1. Metro bus ridership has dropped 25% over the last 10 years, as Metro has largely failed to provide quality and frequent bus service to transit-dependent communities including those in South and Central Los Angeles. It is clear that a wide network of frequent, reliable bus service utilizing bus-only lanes is a critical solution for low-income residents who depend on transit. If elected as supervisor, would you use your position on the Metro Board to support bus rapid transit projects prescribed by Measure M, and work with cities to aggressively implement bus-only lanes?

The final results of the final NextGen study will be released this year. Metro has released the preliminary report that suggests the following improvements in our bus system:

  • Double the number of frequent Metro bus lines
  • Provide more than 80% of current bus riders with 10 minute or better frequency
  • Improve and expand midday, evening and weekend service, creating an all-day, 7-day-a-week service
  • Ensure a ¼-mile walk to a bus stop for 99% of current riders
  • Create a more comfortable and safer waiting environment

This a step in the right direction as our bus routes are more than 30 years old. I look forward to reviewing the final report and if elected,  I will push hard to implement these changes, but we also need to put an emphasis on express buses with bus only lanes. I’m committed to exploring the viability of express lanes within the 2nd District on Vermont, Hawthorne, Manchester or Century Blvd. The goal would be to have three of them in demonstration projects  by the end of my first term.


2. The lack of safe infrastructure in the Second District means that people on foot and on bicycles are especially vulnerable to being killed or injured while moving around their communities, including the late Frederick “Woon” Frazier, who was killed by a hit and run driver in South L.A. What would you do as a Supervisor to prioritize safe mobility for low-income residents and students who depend on active transportation options?

This needs to be a priority as the 2nd district houses more than its fair share of collision concentration corridors. I would implement a number of improvements outlined in the LA County Vision Zero plan including the installation of cycle tracks/separated bike lanes, roadway lighting, traffic circles and curb extensions.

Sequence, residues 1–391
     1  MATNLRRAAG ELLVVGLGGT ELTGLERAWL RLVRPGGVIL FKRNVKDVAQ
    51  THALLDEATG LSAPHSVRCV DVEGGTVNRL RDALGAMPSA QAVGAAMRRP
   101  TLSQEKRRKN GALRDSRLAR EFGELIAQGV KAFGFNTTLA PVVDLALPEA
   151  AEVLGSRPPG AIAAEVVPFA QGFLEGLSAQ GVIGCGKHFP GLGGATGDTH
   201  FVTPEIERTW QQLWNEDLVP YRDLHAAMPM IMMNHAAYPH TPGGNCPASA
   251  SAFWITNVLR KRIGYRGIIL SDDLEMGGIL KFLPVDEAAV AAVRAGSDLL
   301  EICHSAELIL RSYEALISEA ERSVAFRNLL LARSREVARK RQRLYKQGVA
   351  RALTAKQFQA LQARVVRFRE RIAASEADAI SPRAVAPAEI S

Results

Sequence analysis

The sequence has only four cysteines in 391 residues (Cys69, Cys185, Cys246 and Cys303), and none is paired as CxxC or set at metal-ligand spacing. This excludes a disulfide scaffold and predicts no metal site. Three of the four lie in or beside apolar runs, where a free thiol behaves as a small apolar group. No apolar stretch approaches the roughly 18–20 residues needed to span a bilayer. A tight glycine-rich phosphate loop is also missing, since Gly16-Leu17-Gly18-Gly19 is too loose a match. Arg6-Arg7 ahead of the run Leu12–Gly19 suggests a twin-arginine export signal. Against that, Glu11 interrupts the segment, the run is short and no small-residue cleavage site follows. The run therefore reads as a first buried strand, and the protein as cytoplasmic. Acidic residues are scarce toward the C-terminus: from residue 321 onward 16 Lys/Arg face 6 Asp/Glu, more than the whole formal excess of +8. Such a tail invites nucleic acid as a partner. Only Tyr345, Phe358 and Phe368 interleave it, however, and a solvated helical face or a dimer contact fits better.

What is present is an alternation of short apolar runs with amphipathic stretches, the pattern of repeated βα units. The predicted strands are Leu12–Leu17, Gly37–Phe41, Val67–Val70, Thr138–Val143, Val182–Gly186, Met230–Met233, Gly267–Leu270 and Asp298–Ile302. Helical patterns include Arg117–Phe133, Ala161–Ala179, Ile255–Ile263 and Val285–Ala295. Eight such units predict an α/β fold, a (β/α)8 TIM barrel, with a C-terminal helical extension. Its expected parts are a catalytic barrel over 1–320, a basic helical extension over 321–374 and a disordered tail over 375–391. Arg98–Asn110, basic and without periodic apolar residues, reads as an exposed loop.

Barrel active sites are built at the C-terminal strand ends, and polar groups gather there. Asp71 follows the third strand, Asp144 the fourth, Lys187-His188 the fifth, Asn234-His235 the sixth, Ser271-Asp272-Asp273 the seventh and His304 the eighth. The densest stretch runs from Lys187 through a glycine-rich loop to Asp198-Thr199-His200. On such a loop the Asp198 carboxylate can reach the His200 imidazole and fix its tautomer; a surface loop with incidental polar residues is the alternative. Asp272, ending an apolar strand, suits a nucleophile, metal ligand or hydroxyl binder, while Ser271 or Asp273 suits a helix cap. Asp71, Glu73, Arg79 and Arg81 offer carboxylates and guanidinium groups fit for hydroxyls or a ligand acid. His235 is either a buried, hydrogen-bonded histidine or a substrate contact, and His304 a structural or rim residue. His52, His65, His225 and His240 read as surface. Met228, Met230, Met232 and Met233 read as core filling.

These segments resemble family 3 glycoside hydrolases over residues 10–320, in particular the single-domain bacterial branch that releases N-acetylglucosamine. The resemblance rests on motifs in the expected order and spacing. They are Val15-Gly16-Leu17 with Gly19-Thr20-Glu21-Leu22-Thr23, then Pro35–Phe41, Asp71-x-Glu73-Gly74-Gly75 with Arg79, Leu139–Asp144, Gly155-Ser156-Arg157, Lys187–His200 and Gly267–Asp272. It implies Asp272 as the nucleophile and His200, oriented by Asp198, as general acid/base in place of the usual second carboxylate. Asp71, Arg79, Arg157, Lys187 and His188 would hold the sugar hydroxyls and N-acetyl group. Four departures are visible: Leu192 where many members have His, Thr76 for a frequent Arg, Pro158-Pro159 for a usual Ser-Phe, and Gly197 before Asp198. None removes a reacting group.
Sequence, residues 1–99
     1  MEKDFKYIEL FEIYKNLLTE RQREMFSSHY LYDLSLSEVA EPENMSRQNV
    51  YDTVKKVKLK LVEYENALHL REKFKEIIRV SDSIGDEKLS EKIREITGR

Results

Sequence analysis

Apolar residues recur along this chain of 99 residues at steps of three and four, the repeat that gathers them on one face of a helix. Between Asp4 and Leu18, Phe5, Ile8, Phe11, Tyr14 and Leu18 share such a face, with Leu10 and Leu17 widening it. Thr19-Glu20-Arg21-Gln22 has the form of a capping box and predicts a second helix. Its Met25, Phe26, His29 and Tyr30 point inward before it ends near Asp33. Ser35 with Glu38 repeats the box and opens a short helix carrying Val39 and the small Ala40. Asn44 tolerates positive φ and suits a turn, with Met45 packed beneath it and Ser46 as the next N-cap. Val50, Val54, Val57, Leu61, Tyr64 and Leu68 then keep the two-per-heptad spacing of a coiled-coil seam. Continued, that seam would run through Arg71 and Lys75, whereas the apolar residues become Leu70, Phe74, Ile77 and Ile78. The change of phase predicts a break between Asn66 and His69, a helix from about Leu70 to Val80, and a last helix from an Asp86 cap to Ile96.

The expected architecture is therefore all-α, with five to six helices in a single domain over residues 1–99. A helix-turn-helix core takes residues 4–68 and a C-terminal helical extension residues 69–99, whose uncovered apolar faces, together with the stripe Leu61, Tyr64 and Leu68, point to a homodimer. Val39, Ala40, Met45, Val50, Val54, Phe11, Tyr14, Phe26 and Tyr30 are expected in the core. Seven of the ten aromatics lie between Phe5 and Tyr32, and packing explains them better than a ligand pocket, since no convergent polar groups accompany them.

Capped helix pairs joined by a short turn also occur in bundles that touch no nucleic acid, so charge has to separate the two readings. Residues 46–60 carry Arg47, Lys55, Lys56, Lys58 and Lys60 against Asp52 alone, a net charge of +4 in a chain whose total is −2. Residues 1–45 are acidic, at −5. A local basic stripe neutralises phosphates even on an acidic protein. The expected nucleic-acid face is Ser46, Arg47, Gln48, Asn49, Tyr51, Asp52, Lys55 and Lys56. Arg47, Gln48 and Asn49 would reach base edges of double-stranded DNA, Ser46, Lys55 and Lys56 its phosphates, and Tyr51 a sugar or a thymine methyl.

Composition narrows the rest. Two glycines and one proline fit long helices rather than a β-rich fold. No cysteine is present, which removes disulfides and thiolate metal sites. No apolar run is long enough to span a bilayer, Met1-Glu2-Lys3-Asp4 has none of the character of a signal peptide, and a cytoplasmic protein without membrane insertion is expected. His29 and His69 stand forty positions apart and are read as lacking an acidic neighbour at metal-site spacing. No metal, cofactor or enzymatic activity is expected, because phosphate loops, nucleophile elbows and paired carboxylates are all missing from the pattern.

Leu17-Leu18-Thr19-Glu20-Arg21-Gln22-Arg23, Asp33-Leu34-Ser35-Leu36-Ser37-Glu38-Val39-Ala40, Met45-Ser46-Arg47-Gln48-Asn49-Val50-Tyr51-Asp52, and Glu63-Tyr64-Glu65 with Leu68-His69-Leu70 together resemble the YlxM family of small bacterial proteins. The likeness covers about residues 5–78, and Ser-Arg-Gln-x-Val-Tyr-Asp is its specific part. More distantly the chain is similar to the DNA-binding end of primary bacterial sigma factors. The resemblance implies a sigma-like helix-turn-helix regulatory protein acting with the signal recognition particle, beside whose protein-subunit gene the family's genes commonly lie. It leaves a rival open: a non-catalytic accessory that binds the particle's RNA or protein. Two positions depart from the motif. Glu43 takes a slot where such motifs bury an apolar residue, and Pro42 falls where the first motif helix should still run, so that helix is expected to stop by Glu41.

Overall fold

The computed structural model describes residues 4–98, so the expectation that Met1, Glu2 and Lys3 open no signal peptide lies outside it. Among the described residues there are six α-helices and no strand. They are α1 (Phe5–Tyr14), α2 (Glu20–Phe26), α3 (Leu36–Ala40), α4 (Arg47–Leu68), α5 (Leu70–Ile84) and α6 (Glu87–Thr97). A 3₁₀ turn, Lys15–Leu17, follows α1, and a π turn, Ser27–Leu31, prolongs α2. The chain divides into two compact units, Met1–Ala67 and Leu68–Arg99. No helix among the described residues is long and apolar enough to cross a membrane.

I’m also eager to review the work of the State’s Zero Traffic Fatalities Task Force, to understand how we can improve the ways  we determine speed limits. Based on the findings of the task force I would ultimately like to commit more resources to slow cars down on busy thoroughfares in the 2nd District particularly those near residential areas and schools.


3. This past summer Metro incorporated Equity Focused Communities into its Equity Platform to prioritize the needs of low-income residents and households with low vehicle ownership. On the Metro Board, would you put meaningful financial resources behind the Metro Equity Platform and fund projects that improve mobility, access, and safety of these communities?

I would absolutely dedicate meaningful financial resources behind the Metro Equity Platform. Making sure we improve congestion, safety and access to transportation will be a priority for me. There are lots of funding sources including Measure M that should be dedicated to areas in the 2nd District that have long been neglected.


4. Gentrification is a major issue facing many communities across the District, especially where new transit investments are being made, such as along the Crenshaw Line. Metro’s power relative to individual cities lies with Metro’s power over funding. As a Metro director, how would you use funding incentives and existing programs (e.g. the Business Interruption Fund, Joint Development program, and Transit Oriented Communities program) to encourage cities to protect existing tenants and produce affordable housing, particularly near new transit investments?